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June 04, 2007

Balancing the Divide: LA Times' Jerusalem Feature

On the occasion of the 40th anniversary of the Six Day War and the reunification of Jerusalem, the Los Angeles Times' features an online multimedia three-part series on the holy city and its many divisions. By and large, it is balanced.

The first article "A Holy City Still Divided," contains several important facts about Jerusalem often neglected by the mainstream media. For instance:

Heavy immigration had made Jews a majority in the city decades [before 1948], and by 1948 they accounted for 60% of its population.

Frequently the media diminishes the importance of the Temple Mount in Judaism by wrongly stating the Western Wall is the holiest site in Judaism. LA Times reporters Ken Ellingwood and Richard Boudreaux get it right:

Once again [after the war Israelis] had access to the holiest Jewish site: the plateau that Jews revere as the Temple Mount, which abuts the Western Wall and lies atop the ruins of the ancient Jewish temples.

And, unlike the New York Times, the LA Times makes clear that Palestinians building in eastern Jerusalem is on a massive scale, both legal and illegal.

It also allows the Jerusalem mayor to comment on the issue of disparity in infrastructure between eastern and western parts of the city:

[Mayor Uri Lupolianski] said East Jerusalem lagged because it was not developed under Jordanian rule, then grew so fast that Israeli officials couldn't keep up.

"The problem between East and West is a give," Lupolianski said. "We have to remember that we did not invent this situation. In 1967, a large part of East Jerusalem didn't have infrastructure such as running water and electricity."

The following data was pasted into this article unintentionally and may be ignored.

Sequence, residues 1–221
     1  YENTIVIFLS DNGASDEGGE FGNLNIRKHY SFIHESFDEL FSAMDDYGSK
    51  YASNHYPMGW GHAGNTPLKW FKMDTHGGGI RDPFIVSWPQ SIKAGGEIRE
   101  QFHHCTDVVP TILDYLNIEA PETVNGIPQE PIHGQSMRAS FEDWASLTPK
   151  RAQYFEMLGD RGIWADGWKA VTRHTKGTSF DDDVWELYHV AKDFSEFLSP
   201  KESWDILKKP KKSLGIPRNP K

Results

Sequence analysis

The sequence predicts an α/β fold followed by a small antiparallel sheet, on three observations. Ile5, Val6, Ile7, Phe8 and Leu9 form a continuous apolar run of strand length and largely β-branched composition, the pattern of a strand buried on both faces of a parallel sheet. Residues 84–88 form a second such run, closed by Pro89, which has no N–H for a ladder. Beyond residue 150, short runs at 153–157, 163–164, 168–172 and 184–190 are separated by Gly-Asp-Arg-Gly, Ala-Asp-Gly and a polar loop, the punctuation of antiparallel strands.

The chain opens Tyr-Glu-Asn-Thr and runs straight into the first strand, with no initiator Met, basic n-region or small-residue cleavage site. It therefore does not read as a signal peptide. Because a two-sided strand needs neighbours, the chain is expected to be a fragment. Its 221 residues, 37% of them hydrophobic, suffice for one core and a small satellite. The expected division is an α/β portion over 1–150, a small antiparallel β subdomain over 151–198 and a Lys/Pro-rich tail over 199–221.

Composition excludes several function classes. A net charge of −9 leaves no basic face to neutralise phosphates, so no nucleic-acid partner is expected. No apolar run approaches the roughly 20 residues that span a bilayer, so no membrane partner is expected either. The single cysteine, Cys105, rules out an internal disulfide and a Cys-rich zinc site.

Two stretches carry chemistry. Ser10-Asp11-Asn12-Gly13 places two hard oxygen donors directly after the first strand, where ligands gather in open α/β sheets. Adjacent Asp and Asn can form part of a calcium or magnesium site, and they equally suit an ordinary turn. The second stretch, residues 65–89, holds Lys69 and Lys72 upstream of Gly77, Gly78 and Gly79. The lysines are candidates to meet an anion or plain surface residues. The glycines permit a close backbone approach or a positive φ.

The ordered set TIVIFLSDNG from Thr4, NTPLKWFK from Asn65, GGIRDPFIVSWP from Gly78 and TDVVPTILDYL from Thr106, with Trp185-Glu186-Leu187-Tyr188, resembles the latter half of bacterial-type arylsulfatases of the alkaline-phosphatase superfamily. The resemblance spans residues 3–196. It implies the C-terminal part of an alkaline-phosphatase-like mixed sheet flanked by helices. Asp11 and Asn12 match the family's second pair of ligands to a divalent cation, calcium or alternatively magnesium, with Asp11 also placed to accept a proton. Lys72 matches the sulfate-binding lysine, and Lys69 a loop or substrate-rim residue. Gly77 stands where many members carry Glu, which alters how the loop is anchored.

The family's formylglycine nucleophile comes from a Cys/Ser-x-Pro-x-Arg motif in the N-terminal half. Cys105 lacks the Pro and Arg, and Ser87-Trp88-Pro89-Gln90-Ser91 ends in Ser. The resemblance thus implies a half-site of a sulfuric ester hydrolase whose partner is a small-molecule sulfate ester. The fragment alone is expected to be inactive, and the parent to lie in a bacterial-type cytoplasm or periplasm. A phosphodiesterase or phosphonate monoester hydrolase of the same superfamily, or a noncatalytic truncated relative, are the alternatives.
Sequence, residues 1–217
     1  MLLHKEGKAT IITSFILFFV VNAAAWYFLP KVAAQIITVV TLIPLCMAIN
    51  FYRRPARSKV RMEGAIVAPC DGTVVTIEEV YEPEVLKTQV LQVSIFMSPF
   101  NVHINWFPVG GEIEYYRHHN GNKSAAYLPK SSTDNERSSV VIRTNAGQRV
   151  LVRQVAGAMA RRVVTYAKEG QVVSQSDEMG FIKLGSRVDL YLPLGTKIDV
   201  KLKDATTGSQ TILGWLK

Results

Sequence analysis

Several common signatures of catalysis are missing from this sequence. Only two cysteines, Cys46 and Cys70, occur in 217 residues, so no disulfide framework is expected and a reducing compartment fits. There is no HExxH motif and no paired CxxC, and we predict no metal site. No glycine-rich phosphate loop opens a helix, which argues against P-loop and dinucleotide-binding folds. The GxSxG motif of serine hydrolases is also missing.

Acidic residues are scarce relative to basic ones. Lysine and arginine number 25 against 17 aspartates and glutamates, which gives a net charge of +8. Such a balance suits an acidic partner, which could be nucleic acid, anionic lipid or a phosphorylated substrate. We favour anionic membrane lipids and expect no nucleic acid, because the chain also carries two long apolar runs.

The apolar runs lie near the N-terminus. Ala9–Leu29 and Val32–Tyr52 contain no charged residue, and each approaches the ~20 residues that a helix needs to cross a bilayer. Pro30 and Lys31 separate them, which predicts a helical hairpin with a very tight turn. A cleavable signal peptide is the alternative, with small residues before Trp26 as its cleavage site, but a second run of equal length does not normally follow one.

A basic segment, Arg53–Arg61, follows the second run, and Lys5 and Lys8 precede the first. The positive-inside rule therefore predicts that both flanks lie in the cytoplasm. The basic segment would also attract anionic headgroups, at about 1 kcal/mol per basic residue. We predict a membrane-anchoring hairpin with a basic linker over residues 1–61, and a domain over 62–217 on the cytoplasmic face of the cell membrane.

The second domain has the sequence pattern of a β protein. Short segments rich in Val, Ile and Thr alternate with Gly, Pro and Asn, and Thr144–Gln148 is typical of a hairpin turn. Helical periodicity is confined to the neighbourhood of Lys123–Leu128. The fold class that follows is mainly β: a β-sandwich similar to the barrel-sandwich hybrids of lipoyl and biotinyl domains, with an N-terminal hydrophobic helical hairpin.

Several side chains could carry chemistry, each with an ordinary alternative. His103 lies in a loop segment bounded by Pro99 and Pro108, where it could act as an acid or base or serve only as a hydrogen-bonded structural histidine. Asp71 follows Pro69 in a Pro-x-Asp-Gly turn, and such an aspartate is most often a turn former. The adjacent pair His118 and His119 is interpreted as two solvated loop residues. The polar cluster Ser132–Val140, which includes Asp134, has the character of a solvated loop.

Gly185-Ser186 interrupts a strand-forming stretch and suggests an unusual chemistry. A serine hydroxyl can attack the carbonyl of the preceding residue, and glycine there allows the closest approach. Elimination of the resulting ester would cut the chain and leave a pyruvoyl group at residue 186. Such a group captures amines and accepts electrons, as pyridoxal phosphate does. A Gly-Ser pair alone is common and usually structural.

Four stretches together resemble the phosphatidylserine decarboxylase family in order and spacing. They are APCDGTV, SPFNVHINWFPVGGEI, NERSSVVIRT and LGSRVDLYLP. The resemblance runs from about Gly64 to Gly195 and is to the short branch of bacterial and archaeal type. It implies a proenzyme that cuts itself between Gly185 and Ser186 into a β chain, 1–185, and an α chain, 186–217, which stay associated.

Again, unlike the New York Times, the LA Times states clearly that east Jerusalem Arabs are entitled to receive Israeli citizenship:

Israel offered citizenship to Palestinians in East Jerusalem after the war, but few accepted.

The video for part 2 is also balanced, spelling out the inconveniences and difficulties for Arabs in eastern Jerusalem and the surrounding area due to the construction of Israel's security barrier, as well as discussing the context of Palestinian terror attacks against Jerusalem citizens and pointing to the dramatic reduction in these attacks thanks to the barrier.

lat.Jerusalem wall.jpe

The barrier proves to be an incovenience for many Arabs and a literal lifesaver for Israelis

In an interesting bonus, the LA Times provides pdf's of the front pages of the June 5-11, 1967 editions.

But there the multi-part feature has problems, too.

Most glaringly, no mention is made about the city under Jordanian occupation from 1948 to 1967, when the longstanding Jewish population was entirely expelled and synagogues and tombs were systematically destroyed and desecrated.

Also, at least twice in the videos, the reporters allow false Arab claims to go unchallenged. First, in "One City, Two Worlds," Wadi Joz neighborhood activist Moaz Zatari parrots the false canard:

It's impossible to get permission and if you build without permission, they'll fine you 300,000, 400,000 shekels and they'll destroy it anyway.

Similarly, in the video "Building Divisions," an Arab resident justifies his community's hostile rejection of their isolated Jewish neighbors by asking rhetorically:

If I go and buy a house on the Israeli side you think they will let me live there?

The answer is yes, although Ellingwood and Boudreaux don't say so there. They do report, however, in the article for part 2 that:

Rents [in eastern Jerusalem] have shot up, prompting some families to move into predominantly Jewish neighborhoods.

The last section of the series will be published tomorrow. Stay tuned.

Posted by TS at June 4, 2007 05:42 AM


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